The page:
Phagocytosis-independent antimicrobial activity of mast cells by formation of extracellular traps: cellular receptors involved and underlying molecular mechanism

Summary

It has been increasingly recognized that mast cells are critical components of host defense against pathogens. We have recently described a completely novel mechanism used by mast cells to kill bacteria such as Streptococcus pyogenes or Staphylococcus aureus. This mechanism consists on entrapping them in extracellular structures similar to the extracellular traps described for neutrophils. The mast cells extracellular traps (MCETs) are composed of DNA, histones, tryptase, and the anti-microbial peptide LL-37. Formation of MCETs is not the result of passive release of DNA and granule proteins during cellular disintegration but rather an active and controlled process in response to specific stimulation and strongly dependent on the production of reactive oxygen radicals (ROS). This type of death has been recently termed "Etosis". Etosis is neither typical apoptosis nor necrosis and it is characterized by disintegration of the nuclear membrane concomitant with cytoplasmic granule dissolution, allowing the components of the traps to mix in the cytoplasm before been released.

The goals of this grant proposal are the characterization of the mast cell receptors and bacterial factors triggering the formation of MCETs as well as the characterization of the downstream molecular mechanisms, specifically how ROS trigger mast cell death.

This knowledge will further our understanding about the anti-microbial activity of mast cells and their contribution to host defense against infectious pathogens.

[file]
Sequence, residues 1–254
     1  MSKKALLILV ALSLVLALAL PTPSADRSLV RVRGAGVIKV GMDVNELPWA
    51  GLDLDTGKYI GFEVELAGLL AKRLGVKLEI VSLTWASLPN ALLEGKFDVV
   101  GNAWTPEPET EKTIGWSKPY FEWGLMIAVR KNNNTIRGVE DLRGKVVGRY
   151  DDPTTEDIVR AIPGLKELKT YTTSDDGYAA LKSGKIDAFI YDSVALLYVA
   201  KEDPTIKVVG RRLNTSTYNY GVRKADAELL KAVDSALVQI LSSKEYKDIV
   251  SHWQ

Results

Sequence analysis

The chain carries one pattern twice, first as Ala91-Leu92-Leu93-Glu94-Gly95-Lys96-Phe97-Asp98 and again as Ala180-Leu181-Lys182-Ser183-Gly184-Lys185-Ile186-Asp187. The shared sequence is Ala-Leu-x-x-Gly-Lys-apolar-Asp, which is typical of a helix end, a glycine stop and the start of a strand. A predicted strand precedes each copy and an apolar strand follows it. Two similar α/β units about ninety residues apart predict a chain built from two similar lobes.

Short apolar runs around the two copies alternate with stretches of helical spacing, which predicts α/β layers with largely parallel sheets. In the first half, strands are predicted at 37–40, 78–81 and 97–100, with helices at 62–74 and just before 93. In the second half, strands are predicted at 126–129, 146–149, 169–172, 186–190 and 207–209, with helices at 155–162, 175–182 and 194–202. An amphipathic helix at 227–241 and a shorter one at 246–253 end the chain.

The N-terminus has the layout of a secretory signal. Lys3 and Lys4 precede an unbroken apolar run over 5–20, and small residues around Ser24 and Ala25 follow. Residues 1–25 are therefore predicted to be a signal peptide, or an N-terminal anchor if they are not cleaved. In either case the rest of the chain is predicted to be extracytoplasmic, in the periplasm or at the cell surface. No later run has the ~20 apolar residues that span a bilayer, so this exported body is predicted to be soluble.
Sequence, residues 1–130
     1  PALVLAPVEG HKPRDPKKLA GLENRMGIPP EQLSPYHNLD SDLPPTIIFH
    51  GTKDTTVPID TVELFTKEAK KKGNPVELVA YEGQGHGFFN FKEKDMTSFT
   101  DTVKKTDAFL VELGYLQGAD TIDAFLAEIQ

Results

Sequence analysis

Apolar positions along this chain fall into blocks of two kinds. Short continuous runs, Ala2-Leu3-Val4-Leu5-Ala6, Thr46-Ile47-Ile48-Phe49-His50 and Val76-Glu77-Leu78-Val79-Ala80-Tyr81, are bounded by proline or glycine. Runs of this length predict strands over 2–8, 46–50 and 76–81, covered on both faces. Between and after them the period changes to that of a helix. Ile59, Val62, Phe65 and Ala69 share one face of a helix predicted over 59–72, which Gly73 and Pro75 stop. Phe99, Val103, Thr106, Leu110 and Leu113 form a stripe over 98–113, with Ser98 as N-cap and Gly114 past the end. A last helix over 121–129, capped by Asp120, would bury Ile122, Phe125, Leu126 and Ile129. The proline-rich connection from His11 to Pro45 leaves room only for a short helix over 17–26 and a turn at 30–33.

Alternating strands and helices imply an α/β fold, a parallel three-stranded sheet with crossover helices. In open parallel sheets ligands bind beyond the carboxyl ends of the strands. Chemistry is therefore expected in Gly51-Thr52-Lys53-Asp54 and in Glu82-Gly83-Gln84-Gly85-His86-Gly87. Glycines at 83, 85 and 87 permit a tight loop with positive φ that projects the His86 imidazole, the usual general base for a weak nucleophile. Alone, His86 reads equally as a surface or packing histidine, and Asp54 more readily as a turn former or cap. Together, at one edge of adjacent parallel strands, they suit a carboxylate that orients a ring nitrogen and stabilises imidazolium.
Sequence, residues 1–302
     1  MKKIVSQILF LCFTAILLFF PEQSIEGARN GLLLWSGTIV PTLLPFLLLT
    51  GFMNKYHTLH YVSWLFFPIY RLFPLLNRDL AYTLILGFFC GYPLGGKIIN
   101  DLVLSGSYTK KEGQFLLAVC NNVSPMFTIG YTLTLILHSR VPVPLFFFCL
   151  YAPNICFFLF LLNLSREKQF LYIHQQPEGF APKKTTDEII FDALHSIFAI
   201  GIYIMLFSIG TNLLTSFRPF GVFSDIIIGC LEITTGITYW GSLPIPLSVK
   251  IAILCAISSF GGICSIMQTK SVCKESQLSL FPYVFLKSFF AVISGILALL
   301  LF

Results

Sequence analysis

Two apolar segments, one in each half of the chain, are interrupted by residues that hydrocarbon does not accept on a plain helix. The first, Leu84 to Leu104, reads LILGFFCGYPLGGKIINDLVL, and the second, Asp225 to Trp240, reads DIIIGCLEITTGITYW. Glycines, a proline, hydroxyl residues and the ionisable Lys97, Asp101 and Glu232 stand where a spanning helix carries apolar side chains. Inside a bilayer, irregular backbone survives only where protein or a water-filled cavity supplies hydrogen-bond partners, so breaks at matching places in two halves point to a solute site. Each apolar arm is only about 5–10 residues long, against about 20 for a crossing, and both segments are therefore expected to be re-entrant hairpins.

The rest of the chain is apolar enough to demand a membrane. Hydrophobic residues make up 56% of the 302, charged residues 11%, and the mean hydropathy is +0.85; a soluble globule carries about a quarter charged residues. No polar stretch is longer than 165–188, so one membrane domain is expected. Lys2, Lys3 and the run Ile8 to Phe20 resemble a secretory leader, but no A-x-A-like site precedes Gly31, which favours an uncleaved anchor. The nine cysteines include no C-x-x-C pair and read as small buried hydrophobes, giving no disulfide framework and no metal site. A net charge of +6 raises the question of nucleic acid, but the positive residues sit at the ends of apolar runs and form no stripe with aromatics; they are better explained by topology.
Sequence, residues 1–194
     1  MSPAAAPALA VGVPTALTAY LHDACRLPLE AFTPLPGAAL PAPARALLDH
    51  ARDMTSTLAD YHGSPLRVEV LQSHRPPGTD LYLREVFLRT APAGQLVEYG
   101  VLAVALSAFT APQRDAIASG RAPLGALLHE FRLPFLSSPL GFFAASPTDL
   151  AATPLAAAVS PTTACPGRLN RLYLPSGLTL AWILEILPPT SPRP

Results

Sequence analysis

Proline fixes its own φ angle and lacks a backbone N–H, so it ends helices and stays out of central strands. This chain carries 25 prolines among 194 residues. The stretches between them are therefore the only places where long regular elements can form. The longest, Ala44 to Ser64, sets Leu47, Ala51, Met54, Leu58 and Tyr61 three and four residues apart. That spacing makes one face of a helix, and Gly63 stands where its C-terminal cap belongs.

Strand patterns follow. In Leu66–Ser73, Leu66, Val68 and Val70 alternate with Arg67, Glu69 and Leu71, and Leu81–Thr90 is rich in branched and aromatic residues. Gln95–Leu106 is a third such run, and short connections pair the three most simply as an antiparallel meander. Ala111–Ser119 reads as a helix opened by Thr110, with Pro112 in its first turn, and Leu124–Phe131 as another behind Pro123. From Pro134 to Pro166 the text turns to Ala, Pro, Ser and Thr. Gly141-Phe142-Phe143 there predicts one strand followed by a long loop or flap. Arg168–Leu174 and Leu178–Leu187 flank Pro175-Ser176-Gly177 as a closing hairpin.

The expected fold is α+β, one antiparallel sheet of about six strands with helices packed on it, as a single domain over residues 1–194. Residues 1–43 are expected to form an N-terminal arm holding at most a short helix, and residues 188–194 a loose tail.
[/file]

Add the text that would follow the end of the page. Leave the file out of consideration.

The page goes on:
Figure 1. Field emission scanning electron microscopy photograph showing uninfected (left) and S. pyogenes-infected mast cells (right). Notice the formation of MCETs by infected mast cells (arrow).

Figure 2. Left, immunostaining of MCETs with Alexa-red-labelled antibodies against histones. S. pyogenes is labelled green and mast cells nuclei appears in blue. Right, field emission scanning electron microscopy photograph showing S. pyogenes (arrows) entrapped in MCETs.

Figure 3. Induction of MCETs by Staphylococcus aureus (left) or Pseudomonas aeruginosa (right).

Project Team and contact information

PD Dr. Eva Medina
Head of Infection Immunology Research Group
Helmholtz Center for Infection Research
Inhoffenstra├če 7
38124 Braunschweig
Germany

phone: +49 531 6181 4500
fax: +49 531 6181 4499

mail: eva.medina(at)helmholtz-hzi.de
www.helmholtz-hzi.de

Dr. Oliver Goldmann
Infection Immunology Research Group
Helmholtz Center for Infection Research
Inhoffenstra├če 7
38124 Braunschweig
Germany

phone: +49 531 6181 4503
fax: +49 531 6181 4499

mail: oliver.goldmann(at)helmholtz-hzi.de
www.helmholtz-hzi.de

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